"Everybody calls me Su-Ma," she said instead, and stopped with the toes of her sneakers against the edge of the long reflecting pool fountain one level down from the patio.


Maybe this cousin had changed her mind.

"Uh -- hi, Su-Ma. I'm Nia. Short for Lavinia. They named me for Great-great-granny Cooper-Smythe." An awkward, raspy laugh. "Did they even tell you about her?"

Monday, January 9, 2017

Off the Bookshelf: CHRISTIAN HORROR, by Mike Duran

The basic question posed by the author, a rising name in the Christian horror genre is: Can Christians write books with horror elements? A more insightful question might be: Should they? What purpose can be served for the kingdom of God by writing horror?

The conclusions and the caveats might surprise you.

Duran discusses the horror genre in general, the psychological and spiritual elements, aspects, and effects, the history, notable names, and just what makes something "horror." You might be surprised to hear -- and please do stop to consider -- that with all the gruesome, violent and gory aspects of the Bible, it could fit the definition.

That makes you stop and think, doesn't it? So maybe you have to rework your definition of horror?

The book is thought-provoking and sometimes generates some uncomfortable moments, as the author holds up the mirror to make us face our self-righteous, judgmental tendencies. The race to condemn and give ourselves a pat on the back for not being "like those people." Even if you don't particularly like any aspects of horror, whether in writing or film or other art ... you might want to check this out, just to get a slightly different perspective and some food for thought.

Saturday, January 7, 2017

Taste the Book: SU-MA

From my newest release, SU-MA, Quarry Hall Book 10, from Desert Breeze Publishing.

Su-Ma had an awful suspicion that she didn't want to follow up on. Her phone rang, startling a squeak out of her. Her new ringtone, Petra's song, "Not of This World," earned grins and chuckles from the other three. She stuck her tongue out at Sophie and tapped the screen to answer the call, expecting it to simply be another telemarketer. The song was specifically chosen as the general ringtone, for numbers and contacts she didn't know or hadn't classified or blocked.

"Yeah, who is this?" a scratchy-young female voice demanded as soon as she said hello.

"This is the owner of this phone. Who are you calling for?"

From the corner of her eye, Su-Ma saw Vincent open his eyes and raise his head, and her stomach felt like it dropped another five inches. She had hoped he was asleep. That meant she wasn't going to be able to put off reporting to him about George any longer.

"Listen, smart--" The caller sighed. "Sorry, kind of nervous."

"Who are you calling to talk to? Chances are pretty good this is a wrong number, since it's--"

No, the worst thing she could do would be to admit to someone who might turn out to be trouble, that this was an unlisted number. Her leg ached enough to make it twitch. Maybe moving would help. Offering an embarrassed smile to Elizabeth, Carter, and Sophie, she got up and went down the far side of the patio, off the end where Vincent wasn't lying.

"I really think this is a wrong number," she said.

"Sorry. I started off wrong. Look, I'm trying to catch up with Sue-Marie Stankiwiecz."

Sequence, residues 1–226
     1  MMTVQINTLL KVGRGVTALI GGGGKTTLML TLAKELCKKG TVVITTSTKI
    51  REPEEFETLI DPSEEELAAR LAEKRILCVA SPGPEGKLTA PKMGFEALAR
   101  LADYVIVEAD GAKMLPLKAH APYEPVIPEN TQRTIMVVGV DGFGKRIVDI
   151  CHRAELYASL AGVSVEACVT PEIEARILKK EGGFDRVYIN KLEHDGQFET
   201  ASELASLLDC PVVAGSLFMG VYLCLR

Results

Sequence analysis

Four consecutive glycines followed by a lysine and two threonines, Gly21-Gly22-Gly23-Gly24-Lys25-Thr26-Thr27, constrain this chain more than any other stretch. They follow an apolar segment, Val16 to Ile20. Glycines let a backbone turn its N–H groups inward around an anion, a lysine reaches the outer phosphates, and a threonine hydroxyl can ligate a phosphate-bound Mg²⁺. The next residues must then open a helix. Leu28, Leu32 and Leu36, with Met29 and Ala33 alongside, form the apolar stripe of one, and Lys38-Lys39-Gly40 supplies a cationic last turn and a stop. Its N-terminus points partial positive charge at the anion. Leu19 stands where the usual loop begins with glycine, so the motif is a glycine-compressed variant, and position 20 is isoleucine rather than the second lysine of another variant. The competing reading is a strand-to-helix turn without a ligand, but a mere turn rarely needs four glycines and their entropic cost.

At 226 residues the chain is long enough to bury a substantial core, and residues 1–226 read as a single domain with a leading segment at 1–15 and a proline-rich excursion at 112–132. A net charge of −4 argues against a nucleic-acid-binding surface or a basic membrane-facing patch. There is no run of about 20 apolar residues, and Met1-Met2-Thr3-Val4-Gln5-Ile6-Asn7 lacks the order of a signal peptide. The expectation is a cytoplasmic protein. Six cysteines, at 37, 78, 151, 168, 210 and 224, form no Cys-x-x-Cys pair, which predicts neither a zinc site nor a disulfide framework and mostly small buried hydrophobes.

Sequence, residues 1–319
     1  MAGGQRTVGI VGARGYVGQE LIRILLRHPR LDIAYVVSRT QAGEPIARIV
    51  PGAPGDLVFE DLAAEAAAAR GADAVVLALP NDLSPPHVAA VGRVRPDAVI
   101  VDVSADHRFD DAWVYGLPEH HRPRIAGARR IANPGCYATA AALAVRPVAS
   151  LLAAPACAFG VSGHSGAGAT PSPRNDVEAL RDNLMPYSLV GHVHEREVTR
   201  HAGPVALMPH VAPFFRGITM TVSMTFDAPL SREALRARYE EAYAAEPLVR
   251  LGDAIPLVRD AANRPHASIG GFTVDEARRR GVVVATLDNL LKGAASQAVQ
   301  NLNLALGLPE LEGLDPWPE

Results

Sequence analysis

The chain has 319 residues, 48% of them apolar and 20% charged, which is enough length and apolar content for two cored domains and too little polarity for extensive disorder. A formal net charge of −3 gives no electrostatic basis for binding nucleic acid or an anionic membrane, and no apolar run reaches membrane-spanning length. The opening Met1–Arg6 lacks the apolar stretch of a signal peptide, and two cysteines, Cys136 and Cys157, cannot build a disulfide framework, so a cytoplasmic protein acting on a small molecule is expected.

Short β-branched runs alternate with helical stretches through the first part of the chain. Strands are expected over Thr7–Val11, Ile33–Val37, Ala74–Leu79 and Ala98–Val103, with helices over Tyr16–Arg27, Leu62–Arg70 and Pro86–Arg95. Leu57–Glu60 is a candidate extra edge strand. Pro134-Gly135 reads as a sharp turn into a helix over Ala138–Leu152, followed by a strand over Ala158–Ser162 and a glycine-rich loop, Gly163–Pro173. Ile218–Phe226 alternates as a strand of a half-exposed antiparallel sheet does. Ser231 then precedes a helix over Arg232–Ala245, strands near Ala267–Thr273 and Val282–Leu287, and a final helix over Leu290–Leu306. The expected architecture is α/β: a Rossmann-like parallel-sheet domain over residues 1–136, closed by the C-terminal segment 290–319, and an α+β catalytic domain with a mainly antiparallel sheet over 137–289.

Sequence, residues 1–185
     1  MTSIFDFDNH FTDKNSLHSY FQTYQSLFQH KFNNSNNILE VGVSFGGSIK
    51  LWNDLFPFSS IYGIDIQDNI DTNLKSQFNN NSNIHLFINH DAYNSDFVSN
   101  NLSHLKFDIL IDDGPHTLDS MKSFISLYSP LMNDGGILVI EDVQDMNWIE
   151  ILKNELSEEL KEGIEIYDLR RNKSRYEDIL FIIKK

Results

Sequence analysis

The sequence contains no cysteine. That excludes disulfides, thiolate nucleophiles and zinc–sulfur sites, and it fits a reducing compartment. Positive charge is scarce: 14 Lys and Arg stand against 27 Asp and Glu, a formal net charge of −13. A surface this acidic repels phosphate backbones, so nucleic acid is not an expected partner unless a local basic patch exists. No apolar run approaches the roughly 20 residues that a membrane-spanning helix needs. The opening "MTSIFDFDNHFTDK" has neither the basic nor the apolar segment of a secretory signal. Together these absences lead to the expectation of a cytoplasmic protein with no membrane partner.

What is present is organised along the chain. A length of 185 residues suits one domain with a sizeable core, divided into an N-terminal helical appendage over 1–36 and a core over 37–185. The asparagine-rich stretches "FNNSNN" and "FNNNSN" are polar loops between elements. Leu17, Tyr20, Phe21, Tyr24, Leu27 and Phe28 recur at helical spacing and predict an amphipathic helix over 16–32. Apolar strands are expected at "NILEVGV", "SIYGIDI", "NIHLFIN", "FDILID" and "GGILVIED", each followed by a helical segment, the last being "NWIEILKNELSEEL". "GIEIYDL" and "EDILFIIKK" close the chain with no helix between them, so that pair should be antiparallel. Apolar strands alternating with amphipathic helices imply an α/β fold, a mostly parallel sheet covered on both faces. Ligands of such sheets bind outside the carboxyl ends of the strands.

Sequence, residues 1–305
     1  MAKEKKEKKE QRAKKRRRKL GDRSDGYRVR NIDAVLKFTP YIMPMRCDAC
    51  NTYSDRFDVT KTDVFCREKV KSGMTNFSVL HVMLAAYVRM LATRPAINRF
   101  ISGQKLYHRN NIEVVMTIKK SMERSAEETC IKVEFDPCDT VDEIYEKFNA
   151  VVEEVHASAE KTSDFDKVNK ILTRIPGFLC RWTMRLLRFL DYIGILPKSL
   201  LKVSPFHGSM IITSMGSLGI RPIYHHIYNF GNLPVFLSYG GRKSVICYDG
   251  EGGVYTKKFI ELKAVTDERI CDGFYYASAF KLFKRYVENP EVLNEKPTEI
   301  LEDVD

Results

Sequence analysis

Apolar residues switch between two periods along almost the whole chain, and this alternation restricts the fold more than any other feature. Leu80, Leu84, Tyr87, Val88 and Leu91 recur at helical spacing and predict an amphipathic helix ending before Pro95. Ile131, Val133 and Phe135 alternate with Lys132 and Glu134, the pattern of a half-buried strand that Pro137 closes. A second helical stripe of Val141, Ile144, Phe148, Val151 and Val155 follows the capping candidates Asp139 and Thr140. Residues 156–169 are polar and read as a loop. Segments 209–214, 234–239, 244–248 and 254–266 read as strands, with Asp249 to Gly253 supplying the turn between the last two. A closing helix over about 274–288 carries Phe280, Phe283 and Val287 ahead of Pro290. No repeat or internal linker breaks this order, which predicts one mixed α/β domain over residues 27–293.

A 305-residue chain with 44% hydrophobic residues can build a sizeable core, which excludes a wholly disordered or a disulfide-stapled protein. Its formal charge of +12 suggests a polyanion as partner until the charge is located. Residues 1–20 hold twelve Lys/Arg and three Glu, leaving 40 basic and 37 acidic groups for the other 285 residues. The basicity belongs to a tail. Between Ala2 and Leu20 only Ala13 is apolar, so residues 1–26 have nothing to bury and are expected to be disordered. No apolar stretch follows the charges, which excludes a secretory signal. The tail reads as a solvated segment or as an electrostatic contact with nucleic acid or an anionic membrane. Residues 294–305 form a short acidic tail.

"Why?" escaped her nearly in a yelp. Su-Ma stumbled on the last step. She glanced over her shoulder, but no one seemed to be watching her. "How did you get this number?"

Wednesday, January 4, 2017

The War Room

Happy New Year!

We're off to a good start, with projects picked out for the year and some attempt at keeping records of what's been accomplished and what still needs to be done.

I've written about 15K words in MUSIC IN THE NIGHT, the final book in the Guardians of the Time Stream series -- steampunk from Desert Breeze Publishing.

The next book, SANCTUARY, is due to be released in April.

I entered 3 books in the Realm Makers competition yesterday. Winners will be announced this July at the 5th Realm Makers convention, to be held in Reno. Should be lots of fun! Cross your fingers and say some prayers for me.

Right now it's rainy and windy and cold. I have to wonder -- we've had it easy so far this winter, so when is the really bad weather going to hit? Kind of scary, if you think about it.

I hope you all have had a great start to the new year.

Monday, January 2, 2017

Off the Bookshelf: SCARLET, by Marissa Meyer

The second book of Marissa Meyer's Lunar Chronicles, SCARLET is a roller coaster ride and an adaptation of the basic elements of the faerie tale of Red Riding Hood into a science fiction setting, so cleverly done I just have to sit and shake my head and say "wow" enough times to get really irritating.

Scarlet is a redhead, French, a farm girl delivering produce from her grandmother's farm. Her "hood" is a red hoodie, and it gets pretty beat up and shredded by the end of the story. The wolf is a guy named Wolf and yeah, at a couple points in the story, he's "this close" to eating Red -- err -- Scarlet.

Grandma has vanished and Scarlet becomes convinced that Wolf is involved. As she digs into things, she puts enough clues together to realize Grandma knows a lot of dangerous things. See, Grandma was a spaceship pilot, and she was involved with some residents of the moon, and Grandma knows what happened to the missing Lunar princess.

How does this tie into Cinder, who was in prison, waiting to be handed over to the evil Lunar queen at the end of book one? Now, Cinder has broken out of prison and she's on the run and learning a lot of things about her past. In a stolen spaceship, she and her fellow fugitive manage to stay one step ahead of the  military forces hunting her. Just in time, she meets up with Scarlet, and a few more pieces come together.

War has come to Earth, and in some ways, it's Cinder's fault -- or perhaps more accurately, her responsibility. Time for her to accept her destiny, her heritage, find supporters and get a revolution going in time to rescue the handsome prince/newly crowned Emperor, before he's forced to marry the evil queen in what is sure to be the shortest marriage on record.

Read these books!